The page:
Among psychoanalysts and other mental health professionals, there has often been protest and objection against the use of psychological, psychiatric, and psychoanalytic theory and techniques for repressive political ends. The pathologization of homosexuality is a prime example, but there are many others.   Psychoanalytic case reports have all too often promoted conventional lives and life styles, with happy endings of heterosexual marriage, a well paying job, and 2.2 children. There have, on the other hand, been those who saw in our fields the potential for transformative human liberation. In psychoanalysis, theorists such as Wilhelm Reich and Herbert Marcuse saw a liberatory potential in the freeing up of sexuality, of id energy, among civilization’s discontents (i.e., those who were suffering under repressive regimes instituted to preserve social order). Some have seen in the expansion of choice, of human freedom, the potential for liberation from overly harsh superego-based repression. Erich Fromm’s writing exposed how the structure of contemporary, especially capitalist society shaped individual personality, a tradition followed more recently by Philip Cushman in his 1995 book Constructing the Self, Constructing America. The psychological structure of racism and prejudice has been addressed and illuminated by Frantz Fanon, Joel Kovel, Ricardo Ainslie, and Elizabeth Young-Bruehl among many others. Lynn Layton has meanwhile been expanding the notion of the unconscious to include socially normative values held out of awareness, advocating a form of liberation from unreflectively held social norms.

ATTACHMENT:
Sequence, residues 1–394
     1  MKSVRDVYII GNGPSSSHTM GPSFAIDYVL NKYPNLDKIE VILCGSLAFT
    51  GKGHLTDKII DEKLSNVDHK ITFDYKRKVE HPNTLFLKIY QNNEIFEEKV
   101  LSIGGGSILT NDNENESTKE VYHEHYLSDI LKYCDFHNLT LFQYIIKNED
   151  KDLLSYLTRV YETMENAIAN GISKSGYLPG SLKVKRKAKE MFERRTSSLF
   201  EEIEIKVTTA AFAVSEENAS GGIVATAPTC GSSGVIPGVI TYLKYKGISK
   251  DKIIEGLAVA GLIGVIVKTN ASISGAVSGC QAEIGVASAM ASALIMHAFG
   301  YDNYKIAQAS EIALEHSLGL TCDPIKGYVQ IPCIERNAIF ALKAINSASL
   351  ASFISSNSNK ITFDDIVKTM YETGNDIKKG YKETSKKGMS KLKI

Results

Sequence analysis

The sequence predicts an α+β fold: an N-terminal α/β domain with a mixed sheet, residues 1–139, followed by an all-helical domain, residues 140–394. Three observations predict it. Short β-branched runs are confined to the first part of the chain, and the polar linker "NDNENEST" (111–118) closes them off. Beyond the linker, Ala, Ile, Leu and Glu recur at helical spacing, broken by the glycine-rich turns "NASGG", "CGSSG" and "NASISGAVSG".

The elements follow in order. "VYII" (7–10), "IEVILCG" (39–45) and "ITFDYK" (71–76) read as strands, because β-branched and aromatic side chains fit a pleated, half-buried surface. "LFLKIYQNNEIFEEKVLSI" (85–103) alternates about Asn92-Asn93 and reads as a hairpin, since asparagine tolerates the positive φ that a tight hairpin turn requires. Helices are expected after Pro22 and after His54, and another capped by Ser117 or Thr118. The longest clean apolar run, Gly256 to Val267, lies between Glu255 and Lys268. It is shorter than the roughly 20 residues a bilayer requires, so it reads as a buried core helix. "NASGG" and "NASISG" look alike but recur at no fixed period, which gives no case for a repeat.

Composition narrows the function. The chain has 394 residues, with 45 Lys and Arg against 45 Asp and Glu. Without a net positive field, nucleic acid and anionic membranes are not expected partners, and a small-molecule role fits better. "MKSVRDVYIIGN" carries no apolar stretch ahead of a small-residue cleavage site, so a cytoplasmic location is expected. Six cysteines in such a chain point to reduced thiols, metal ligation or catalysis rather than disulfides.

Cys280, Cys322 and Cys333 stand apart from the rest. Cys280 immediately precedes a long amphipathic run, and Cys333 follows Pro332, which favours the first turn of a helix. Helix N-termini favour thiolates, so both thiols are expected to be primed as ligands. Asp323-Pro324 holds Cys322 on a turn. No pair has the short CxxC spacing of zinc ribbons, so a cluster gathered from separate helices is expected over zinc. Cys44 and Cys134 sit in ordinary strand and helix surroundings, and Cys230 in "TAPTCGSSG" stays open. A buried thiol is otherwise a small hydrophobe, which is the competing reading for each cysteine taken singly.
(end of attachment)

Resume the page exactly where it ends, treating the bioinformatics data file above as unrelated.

The larger fields of psychiatry and psychology have generated movements against the use of their knowledge and expertise for coercive political ends, to bring into line people who have challenged the status quo. Famously, dissidents in the Soviet Union were psychiatrically hospitalized to silence and punish them. In the United States and Europe during the 1960’s and 1970’s, there were media and film depictions of unconventional people being forced into defiant positions by their families or the larger society, pathologized and then “treated” with electroshock therapy or major tranquilizers with destructive side effects. For example, in the United States, Ken Kesey’s 1962 novel One Flew Over the Cuckoo’s Nest, later made into a movie, depicted how psychiatric treatment could serve purposes of social control. The implication during the 60’s social upheavals was that mental health “treatment” could be a means of quieting dissent. In Italy, the 2003 film The Best of Youth followed a group of Italian youth drawn to both Communist opposition to the government, and to freeing people who were warehoused and silenced in psychiatric hospitals. The film thus linked opposition to psychiatric abuses to the Red Brigades political rebellions of the 1960’s and 70’s.